Adidas has apologized after trolls took advantage of an automated promotion it was running to send out tweets from the sneaker manufacturer’s official account calling for the death of Jews.
The problems started after Adidas’s British subsidiary launched a campaign in which users who retweeted an ad would have their Twitter handle automatically placed on the back of an image of a soccer jersey that would be shared to the firm’s more than 832,000 followers.
The automated nature of the campaign meant that Adidas was initially unaware when users generated content on its account with usernames such as @GasAllJewss.
“@GasAllJewss This is home. Welcome to the squad,” Adidas wrote in a subsequently deleted tweet.
For posterity: pic.twitter.com/wN47qoG0Ai
— Walker Bragman (@WalkerBragman) July 2, 2019
The tweet remained up for hours until it was noticed by Adidas.
“As part of our partnership launch with Arsenal we have been made aware of the abuse of a Twitter personalisation mechanic created to allow excited fans to get their name on the back of the new jersey,” a spokesperson told The Guardian. “Due to a small minority creating offensive versions of this we have immediately turned off the functionality and the Twitter team will be investigating.”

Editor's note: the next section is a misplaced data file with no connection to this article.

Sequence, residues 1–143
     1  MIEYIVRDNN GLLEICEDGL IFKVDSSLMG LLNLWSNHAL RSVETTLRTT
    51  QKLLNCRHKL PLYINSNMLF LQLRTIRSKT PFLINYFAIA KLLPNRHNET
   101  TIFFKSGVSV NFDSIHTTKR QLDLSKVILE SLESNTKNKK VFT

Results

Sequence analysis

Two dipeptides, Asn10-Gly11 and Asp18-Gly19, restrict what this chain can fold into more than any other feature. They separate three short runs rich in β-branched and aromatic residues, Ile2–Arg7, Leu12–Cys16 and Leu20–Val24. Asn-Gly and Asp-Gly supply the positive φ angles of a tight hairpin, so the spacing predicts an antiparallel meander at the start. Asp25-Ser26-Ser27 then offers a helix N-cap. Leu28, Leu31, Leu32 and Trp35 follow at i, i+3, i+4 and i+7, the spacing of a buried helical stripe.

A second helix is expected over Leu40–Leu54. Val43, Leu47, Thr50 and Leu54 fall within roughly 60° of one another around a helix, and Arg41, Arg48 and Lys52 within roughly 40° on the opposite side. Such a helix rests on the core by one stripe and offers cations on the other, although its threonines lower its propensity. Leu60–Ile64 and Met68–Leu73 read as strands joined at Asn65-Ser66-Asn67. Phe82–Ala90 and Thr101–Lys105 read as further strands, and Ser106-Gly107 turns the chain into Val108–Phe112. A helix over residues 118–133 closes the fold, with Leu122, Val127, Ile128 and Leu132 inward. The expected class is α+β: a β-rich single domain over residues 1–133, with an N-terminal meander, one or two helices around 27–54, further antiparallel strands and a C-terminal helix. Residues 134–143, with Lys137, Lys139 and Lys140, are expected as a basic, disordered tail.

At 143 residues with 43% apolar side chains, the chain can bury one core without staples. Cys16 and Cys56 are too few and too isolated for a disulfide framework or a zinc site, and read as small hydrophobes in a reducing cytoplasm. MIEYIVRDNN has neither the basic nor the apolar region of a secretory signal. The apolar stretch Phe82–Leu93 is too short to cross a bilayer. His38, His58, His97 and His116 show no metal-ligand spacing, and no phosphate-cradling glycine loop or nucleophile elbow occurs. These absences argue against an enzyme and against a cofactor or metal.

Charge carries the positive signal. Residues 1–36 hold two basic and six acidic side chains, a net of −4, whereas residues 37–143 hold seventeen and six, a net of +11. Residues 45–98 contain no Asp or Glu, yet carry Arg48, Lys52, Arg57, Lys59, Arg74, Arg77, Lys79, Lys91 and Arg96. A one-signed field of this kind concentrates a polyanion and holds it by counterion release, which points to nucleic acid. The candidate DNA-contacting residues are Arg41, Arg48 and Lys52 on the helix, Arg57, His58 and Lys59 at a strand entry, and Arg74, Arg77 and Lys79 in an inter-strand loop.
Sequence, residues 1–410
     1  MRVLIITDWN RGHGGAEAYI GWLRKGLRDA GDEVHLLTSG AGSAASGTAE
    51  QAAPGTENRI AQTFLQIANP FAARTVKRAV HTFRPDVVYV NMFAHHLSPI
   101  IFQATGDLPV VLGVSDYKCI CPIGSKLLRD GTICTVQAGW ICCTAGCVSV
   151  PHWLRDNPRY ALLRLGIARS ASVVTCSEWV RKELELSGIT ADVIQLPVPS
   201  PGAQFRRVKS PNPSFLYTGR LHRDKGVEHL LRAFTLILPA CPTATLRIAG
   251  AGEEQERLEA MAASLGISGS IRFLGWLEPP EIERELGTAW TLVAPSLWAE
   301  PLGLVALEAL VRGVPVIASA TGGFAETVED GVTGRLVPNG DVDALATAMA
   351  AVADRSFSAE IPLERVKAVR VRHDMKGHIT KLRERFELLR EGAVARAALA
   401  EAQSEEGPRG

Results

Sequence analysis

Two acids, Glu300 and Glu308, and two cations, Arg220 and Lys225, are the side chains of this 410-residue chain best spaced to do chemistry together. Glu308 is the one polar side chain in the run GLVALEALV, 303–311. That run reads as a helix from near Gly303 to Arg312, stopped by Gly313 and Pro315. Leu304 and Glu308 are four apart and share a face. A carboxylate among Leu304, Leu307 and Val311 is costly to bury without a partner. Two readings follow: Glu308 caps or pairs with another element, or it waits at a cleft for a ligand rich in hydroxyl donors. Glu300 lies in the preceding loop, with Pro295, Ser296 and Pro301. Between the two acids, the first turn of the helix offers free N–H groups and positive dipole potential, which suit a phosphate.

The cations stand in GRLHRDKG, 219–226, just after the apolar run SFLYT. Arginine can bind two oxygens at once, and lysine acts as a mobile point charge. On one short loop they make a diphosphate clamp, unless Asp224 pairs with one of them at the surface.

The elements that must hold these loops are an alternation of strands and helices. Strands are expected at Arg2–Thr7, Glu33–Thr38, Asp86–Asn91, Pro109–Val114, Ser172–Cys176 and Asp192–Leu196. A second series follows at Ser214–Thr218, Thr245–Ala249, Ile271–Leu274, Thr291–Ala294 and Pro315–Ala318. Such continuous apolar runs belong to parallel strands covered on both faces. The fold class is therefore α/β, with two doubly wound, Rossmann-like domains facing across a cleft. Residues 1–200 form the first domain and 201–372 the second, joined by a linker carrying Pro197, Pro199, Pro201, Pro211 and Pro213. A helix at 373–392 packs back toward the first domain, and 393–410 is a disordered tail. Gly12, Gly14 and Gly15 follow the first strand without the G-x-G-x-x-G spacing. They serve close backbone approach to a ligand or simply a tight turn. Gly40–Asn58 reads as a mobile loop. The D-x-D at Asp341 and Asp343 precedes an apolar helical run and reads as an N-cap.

Adidas has previously run into trouble online, sending out a promotional email in 2017 that praised participants in the Boston Marathon for having survived the race. Three people died and hundreds were injured when a bomb was set off at the finish line four years earlier.
Other large corporation have also had to contend with promotions going awry and entering anti-Semitic territory. In 2016, tech giant Microsoft had to pull the plug on a Twitter-based chatbot after it began tweeting out racial slurs and denying the Holocaust.
According to the Anti-Defamation League, more than one-third of Americans experienced severe online hate and harassment in 2018. The incidents experienced by some 37 percent of Americans included stalking, physical threats or sustained harassment, and were more than double the 18 percent who reported such experiences in 2017.